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For Regulators Only

The Ten Big Lies of Multi-Level Marketing (cont'd)

Lie #2: Network marketing is the most popular and effective new way to bring products to market. Consumers like to buy products on a one-to-one basis in the MLM model.

Truth: If you strip MLM of its hallmark activity of continuously reselling distributorships and examine its foundation, the one-to-one retailing of products to customers, you encounter an unproductive and impractical system of sales upon which the entire structure is supposed to rest. Personal retailing is a thing of the past, not the wave of the future. Retailing directly to friends on a one-to-one basis requires people to drastically change their buying habits. They must restrict their choices, often pay more for goods, buy inconveniently, and awkwardly engage in business transactions with close friends and relatives. The unfeasibility of door-to-door retailing is why MLM is, in reality, a business that just keeps reselling the opportunity to sign up more distributors.

Lie #3: Eventually all products will be sold by MLM, a new form of marketing. Retail stores, shopping malls, catalogues and most forms of advertising will soon be rendered obsolete by MLM.

Truth: MLM is not new. It has been around since the late 1960's. Yet, today it still represents less than one percent of US retail sales. In year 2000, total US retail sales were $3.232 trillion, according to the Dept. of Commerce. MLM's total sales are about $10 billion. That is about 1/3rd of one percent and most of this sales volume is accounted for by the purchases of hopeful new distributors who are actually paying the price of admission to a business they will soon abandon. Not only are MLM sales insignificant in the marketplace, but MLM fails as a sales model also on the other key factor - maintaining customers. Most MLM customers quit buying the goods as soon as they quit seeking the business opportunity. There is no brand loyalty.

These basic facts show that, as a marketing model, MLM is not replacing existing forms of marketing. It does not legitimately compete with other marketing approaches at all. Rather, MLM represents a new investment scheme that uses the language of marketing and sales of products. Its real products are distributorships which are sold with misrepresentation and exaggerated promises of income. People are buying products in order to secure positions on the sales pyramid. The possibility is always held out that you may become rich if not from your own efforts then from some unknown person who might join your downline, the big fish as they are called.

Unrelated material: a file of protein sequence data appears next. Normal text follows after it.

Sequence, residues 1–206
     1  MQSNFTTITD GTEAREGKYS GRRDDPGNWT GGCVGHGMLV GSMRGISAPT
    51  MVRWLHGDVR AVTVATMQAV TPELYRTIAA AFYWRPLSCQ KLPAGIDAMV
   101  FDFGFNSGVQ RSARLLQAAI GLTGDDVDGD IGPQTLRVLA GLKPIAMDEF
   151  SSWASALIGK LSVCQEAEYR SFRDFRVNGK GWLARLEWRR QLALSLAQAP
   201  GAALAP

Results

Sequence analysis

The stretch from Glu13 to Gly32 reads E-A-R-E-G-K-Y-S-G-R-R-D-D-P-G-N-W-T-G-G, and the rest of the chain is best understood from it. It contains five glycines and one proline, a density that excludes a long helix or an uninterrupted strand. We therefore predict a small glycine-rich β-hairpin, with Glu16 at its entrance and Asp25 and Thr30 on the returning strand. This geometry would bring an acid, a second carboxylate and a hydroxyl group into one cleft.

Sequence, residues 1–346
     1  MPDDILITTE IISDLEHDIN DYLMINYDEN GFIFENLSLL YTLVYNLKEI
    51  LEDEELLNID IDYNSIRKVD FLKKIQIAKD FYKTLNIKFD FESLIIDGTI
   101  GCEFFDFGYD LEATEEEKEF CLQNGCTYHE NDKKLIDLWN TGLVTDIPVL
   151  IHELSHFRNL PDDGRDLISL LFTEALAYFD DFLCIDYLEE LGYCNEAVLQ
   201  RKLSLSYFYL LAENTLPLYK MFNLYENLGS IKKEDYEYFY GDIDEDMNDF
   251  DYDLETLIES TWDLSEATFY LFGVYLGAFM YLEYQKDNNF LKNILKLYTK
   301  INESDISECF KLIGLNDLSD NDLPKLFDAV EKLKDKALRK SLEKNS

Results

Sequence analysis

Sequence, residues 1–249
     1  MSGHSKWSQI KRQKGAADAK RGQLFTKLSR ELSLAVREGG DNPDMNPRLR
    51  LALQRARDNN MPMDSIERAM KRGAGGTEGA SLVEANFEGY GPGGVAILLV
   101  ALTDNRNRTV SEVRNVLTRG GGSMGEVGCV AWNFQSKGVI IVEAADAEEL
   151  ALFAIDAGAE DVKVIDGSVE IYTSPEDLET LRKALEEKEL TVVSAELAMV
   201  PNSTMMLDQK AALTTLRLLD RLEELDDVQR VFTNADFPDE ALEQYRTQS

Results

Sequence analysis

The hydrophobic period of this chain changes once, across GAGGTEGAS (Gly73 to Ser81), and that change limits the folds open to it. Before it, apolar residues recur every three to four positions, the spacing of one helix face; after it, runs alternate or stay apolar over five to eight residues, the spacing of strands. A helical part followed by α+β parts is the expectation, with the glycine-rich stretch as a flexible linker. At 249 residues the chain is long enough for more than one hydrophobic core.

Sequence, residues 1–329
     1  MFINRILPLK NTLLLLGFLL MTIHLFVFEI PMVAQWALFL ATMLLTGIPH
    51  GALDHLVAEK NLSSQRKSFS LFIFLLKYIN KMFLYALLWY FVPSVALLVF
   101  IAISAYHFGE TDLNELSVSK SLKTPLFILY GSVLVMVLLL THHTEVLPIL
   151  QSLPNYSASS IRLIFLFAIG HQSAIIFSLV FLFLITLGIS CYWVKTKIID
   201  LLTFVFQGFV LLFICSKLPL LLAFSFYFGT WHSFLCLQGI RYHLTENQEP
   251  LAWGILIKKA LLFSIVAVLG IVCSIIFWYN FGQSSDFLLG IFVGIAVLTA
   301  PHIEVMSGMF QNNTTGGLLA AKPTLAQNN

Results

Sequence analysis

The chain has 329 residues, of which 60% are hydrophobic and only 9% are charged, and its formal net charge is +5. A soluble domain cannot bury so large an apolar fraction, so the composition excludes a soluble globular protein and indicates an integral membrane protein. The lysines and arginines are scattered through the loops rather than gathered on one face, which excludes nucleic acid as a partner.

MLM's growth is a manifestation not of its value to the economy, customers or distributors but of the recently high levels of economic fear and insecurity and rising expectations of quick and easy wealth. It is growing in the same way day trading on the stock market, legalized gambling and lotteries are.

Lie #4: MLM is a new way of life that offers happiness and fulfillment. It is a means to attain all the good things in life.

Truth: The most prominent motivating appeal of the MLM industry as shown in industry literature and presented at recruitment meetings is the crassest form of materialism. Fortune 100 companies would blush at the excess of promises of wealth and luxury put forth by MLM solicitors. These promises are presented as the ticket to personal fulfillment. MLM's overreaching appeal to wealth and luxury conflicts with most people's true desire for meaningful and fulfilling work in something in which they have special talent or interest. In short, the culture of this business side tracks many people from their personal values and desires to express their unique talents and aspirations.

Lie #5: MLM is a spiritual movement.

Truth: The use of spiritual concepts like prosperity consciousness and creative visualization to promote MLM enrollment, the use of words like communion to describe a sales organization, and claims that MLM is a fulfillment of Christian principles or Scriptural prophecies are great distortions of these spiritual practices. Those who focus their hopes and dreams upon wealth as the answer to their prayers lose sight of genuine spirituality as taught by all the great religions and faiths of humankind. The misuse of these spiritual principles should be a signal that the investment opportunity is deceptive. When a product is wrapped in the flag or in religion, buyer beware! The community and support offered by MLM organizations to new recruits are based entirely upon their purchases. If the purchases and enrollment decline, so does the communion.


Last updated 3/29/2004

Introduction
Lie #1
Lie #2
Lie #3
Lie #4
Lie #5
Lie #6
Lie #7
Lie #8
Lie #9
Lie #10
This page last updated on 3/29/2004